Sicilian villages are amazingly steadfast and stoic.
I am constantly impressed by the way they have been constructed a top the mountains in the most unlikely places as if they have always been a part of the landscape.
This is Ficarra in the province of Messina which casually lounges on the Nebrodi mountains looking out to the Aeolian Islands.
We know of a natural water fountain where we refill our drinking water bottles which looks up at the village, as we fill our cups we hear the Ficarra church bells playing Schubert’s Ave Maria down to the valley.
The golden moment of the early Sicilian early morning overwhelms me, church steeples from the cramped towns hanging off the Nebrodi Mountains for dear life are lit up with a distinctly auburn glow. I rolled out of bed this morning at four am for a day trip by bus to Noto, Syracuse, so things are still a little groggy but the splendid morning is making me appreciate the effort.
It is a privilege to salute the mystic Aeolian Islands in the hues of a misty sunrise deep in the province of Messina as the sun begins to shine out from under its bed covers. The bus is filled with loud slightly hyperactive Sicilians who guffaw and happily proclaim: ‘Ogni tantu dovemu alargari’ – literally we need to let ourselves go occasionally.
As we climb onto the Consorzio delle Autostrade superhighway, a nattering group of fifty somethings start to peel off layers of clothes to reveal freshly varnished nails and dressed hair. I put my headphones on to shut drown out the chatter.
At Messina the strait is like a sheet of ice, as if Calabria is only a brief sled ride away. Quaint Sicilian villages are littered like discarded building blocks and look out from the shifting mountains who appear to heave a sighs of restlessness. Autostrada tunnels create the illusion night time is close despite the evasive morning light. I don’t know whether to sleep or rejoice for the pristine luster before me.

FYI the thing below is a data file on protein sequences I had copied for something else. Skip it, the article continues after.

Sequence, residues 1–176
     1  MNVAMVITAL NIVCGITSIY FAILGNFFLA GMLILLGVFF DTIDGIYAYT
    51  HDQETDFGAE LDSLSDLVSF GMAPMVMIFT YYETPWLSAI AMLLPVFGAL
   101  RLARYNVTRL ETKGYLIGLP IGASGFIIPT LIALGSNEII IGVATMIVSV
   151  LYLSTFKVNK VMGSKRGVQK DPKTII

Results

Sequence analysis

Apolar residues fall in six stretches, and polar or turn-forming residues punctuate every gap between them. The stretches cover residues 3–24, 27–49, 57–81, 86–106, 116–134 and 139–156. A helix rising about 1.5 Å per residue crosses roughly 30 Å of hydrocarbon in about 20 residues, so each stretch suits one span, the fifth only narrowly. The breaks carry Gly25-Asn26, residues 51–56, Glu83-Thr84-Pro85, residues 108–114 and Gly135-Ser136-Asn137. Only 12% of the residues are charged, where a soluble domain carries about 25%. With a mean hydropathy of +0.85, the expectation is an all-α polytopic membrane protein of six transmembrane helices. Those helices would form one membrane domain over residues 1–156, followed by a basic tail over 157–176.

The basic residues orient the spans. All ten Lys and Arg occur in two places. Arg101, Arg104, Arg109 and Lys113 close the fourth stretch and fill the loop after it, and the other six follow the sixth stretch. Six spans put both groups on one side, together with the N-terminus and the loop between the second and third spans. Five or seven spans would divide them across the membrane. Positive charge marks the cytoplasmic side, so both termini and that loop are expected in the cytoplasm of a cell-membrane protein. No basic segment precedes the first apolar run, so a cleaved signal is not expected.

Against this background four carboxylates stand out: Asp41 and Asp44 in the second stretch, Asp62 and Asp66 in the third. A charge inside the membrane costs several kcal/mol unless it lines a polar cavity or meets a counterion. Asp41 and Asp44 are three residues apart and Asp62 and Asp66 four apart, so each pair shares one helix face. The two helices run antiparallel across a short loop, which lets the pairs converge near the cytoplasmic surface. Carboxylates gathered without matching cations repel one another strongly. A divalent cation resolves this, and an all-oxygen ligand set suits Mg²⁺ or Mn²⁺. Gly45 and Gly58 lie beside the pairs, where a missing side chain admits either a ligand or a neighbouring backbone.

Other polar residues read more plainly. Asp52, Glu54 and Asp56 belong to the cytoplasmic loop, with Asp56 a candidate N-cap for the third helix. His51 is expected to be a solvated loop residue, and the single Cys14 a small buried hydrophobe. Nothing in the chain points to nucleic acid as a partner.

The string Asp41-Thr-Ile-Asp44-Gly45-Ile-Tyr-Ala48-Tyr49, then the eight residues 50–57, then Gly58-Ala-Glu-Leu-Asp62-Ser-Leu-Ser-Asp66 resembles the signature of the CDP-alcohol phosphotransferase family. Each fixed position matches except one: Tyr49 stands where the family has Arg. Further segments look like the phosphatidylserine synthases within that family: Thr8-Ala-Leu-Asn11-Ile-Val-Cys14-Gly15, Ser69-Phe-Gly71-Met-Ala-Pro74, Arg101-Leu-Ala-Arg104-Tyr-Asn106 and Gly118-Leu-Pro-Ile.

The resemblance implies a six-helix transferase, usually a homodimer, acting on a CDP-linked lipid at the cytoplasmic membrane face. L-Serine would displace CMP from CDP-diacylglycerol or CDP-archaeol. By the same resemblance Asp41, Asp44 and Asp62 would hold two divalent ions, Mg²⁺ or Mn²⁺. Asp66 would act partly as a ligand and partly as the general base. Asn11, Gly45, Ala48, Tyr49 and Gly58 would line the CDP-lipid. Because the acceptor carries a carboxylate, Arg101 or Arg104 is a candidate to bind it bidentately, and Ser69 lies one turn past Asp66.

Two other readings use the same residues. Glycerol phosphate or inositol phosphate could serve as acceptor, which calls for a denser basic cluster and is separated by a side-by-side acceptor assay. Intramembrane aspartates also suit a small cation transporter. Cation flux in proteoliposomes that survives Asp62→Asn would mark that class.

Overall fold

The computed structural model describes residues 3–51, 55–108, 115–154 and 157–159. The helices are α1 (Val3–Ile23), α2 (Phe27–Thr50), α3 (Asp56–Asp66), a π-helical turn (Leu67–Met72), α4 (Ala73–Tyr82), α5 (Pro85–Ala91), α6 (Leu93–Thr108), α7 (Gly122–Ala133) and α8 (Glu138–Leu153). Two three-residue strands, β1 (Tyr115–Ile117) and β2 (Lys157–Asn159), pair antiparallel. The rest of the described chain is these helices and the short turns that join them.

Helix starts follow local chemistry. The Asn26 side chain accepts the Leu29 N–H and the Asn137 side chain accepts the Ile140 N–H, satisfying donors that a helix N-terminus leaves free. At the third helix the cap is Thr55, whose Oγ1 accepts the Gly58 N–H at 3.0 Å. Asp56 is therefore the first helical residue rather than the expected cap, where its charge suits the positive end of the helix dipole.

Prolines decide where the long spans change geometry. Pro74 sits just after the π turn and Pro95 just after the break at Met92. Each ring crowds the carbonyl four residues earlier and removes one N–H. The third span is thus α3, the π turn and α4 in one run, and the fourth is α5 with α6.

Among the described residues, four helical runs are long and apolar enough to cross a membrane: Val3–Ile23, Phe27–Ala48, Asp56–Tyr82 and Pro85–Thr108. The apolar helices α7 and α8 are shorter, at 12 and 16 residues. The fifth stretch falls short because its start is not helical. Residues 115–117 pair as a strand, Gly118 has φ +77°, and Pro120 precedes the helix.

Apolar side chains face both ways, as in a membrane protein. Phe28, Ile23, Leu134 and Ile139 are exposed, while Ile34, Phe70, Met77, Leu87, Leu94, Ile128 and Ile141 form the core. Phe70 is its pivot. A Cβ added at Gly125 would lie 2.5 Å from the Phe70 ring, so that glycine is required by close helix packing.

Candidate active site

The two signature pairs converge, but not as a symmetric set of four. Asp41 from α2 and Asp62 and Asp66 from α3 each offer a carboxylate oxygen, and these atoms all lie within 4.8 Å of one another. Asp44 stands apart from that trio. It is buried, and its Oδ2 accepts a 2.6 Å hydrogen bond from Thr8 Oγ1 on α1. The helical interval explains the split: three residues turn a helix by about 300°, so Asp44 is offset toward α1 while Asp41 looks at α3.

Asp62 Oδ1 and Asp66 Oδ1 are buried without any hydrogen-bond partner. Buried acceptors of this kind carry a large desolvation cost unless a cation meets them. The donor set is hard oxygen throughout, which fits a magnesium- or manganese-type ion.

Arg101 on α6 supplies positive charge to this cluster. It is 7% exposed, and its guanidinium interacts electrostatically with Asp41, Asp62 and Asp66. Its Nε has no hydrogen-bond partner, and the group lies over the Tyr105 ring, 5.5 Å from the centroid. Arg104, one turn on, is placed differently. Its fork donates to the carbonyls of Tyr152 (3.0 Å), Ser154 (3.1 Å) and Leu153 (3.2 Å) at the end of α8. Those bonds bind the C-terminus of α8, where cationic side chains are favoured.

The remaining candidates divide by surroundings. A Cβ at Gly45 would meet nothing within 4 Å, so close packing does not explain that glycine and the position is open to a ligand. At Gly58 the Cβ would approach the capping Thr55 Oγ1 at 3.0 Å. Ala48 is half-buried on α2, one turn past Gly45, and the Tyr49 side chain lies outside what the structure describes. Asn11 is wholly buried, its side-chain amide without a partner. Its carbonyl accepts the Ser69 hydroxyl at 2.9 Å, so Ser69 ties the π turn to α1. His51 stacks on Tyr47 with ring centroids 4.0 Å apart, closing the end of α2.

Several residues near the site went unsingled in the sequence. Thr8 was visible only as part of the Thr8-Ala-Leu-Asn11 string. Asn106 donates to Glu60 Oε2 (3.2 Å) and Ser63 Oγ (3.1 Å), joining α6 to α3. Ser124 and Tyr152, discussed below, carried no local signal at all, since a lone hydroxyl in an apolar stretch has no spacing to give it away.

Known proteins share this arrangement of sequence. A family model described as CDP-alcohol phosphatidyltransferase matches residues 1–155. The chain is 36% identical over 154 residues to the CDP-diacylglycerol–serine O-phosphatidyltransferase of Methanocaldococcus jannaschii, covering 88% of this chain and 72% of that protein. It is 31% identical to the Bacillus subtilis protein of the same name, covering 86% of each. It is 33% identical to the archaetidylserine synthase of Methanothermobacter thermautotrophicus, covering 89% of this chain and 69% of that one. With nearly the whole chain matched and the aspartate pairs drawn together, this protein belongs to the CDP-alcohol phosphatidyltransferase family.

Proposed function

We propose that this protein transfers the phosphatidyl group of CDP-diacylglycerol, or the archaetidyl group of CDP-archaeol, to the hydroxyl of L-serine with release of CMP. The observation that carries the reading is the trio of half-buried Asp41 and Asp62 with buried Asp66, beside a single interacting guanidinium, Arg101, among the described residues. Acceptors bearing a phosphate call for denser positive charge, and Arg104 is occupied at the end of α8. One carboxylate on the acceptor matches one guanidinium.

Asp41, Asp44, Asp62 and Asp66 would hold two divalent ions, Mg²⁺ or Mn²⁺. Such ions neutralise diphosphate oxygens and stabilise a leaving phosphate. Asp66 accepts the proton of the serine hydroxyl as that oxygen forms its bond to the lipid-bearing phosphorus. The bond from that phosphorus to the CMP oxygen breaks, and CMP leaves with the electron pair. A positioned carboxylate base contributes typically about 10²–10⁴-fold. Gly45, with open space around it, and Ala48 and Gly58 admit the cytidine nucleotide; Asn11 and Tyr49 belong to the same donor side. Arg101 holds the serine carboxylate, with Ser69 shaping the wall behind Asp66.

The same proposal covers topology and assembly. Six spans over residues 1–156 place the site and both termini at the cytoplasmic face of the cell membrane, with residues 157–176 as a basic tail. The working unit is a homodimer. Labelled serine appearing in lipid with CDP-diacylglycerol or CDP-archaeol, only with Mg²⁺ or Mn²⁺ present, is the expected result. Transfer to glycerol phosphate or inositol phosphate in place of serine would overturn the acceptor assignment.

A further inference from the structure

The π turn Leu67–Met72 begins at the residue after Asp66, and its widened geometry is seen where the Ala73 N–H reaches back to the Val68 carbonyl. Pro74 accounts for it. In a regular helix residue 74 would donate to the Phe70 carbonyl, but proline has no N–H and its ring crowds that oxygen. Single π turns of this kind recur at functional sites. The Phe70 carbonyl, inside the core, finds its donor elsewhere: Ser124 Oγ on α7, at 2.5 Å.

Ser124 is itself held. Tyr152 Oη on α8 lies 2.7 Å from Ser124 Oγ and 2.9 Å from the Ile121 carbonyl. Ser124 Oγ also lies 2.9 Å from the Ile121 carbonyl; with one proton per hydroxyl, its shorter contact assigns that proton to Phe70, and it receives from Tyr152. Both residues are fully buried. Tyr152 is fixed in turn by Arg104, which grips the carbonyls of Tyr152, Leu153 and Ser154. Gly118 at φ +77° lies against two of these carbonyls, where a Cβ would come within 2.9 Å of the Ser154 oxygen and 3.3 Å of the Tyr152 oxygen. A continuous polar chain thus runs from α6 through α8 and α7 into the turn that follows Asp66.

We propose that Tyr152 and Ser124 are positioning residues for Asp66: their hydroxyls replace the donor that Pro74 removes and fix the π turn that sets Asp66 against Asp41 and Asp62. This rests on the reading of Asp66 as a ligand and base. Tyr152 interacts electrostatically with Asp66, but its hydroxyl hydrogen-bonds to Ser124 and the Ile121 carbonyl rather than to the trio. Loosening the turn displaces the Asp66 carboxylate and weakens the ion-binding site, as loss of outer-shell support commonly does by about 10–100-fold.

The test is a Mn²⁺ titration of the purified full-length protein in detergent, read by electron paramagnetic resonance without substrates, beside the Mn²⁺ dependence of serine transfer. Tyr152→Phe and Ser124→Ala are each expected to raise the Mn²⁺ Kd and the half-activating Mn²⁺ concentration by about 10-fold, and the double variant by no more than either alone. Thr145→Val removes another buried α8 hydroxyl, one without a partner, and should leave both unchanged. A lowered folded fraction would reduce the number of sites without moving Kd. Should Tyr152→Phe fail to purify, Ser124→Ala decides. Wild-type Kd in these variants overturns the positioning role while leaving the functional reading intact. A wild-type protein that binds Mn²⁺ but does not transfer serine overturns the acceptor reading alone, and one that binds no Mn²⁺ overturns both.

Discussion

Those yelping hyenas who dominate the bus have settled down and we sneak under the bustling tourist Mecca of Taormina, briefly snatching a glance down at the ancient Greek seaside colony of Giardini Naxos, a respite from the darkness of the underworld beneath the ranges.
Heading towards Catania a dark lady reveals her splendid silhouette, even if she normally hides herself like a coquette seductively behind a feathered boa stole. Etna’s jagged outline sketches itself out despite the dreary clouds, wearing only a tuft of white as if gently pulling on a cigarette above the Messina – Catania highway. For Sicilian’s Etna is defiantly female alluding to fertility of the goddesses in Greek and Roman mythology who create the gifts of agriculture and the seasons.
Palm trees and palazzi give way to a mélange of apartments, industrial warehouses, truck deposits and abandoned boarded up houses near Giarre. The foothills of Etna become a harsh and ugly juxtaposition of factories with an infestation of overgrown prickly pear cactus, rubbish tips, recycling plants and lava stone homes with names like Villa Corallo dell’Etna.
We stop at a tired Acireale autogrill gas station and I wistfully day-dream about Carnival parades while studying a solitary broken down campanile just behind the depot. The slate coloured steeple is covered in ‘edera’ vines adorned with white flowers called the ‘calice della Madonna,’ elongated chalices in which according to Sicilian folklore the infant Jesus drank.
Traveling in the bus again I can see into the windows of peoples high-rise apartments beside the highway as we creep around the back of Etna and through densely populated towns. Misterbianco is filled with mega shopping complexes and an IKEA superstore, while old lava deposits are piled up in between condominiums outside of Paternò.
As we reach Sicula Occidentale, it begins pelting with rain which blurs together the olive groves of Priolo, with the blockheaded limestone mountains of Gargallo and blankets the solar panels near Solarino.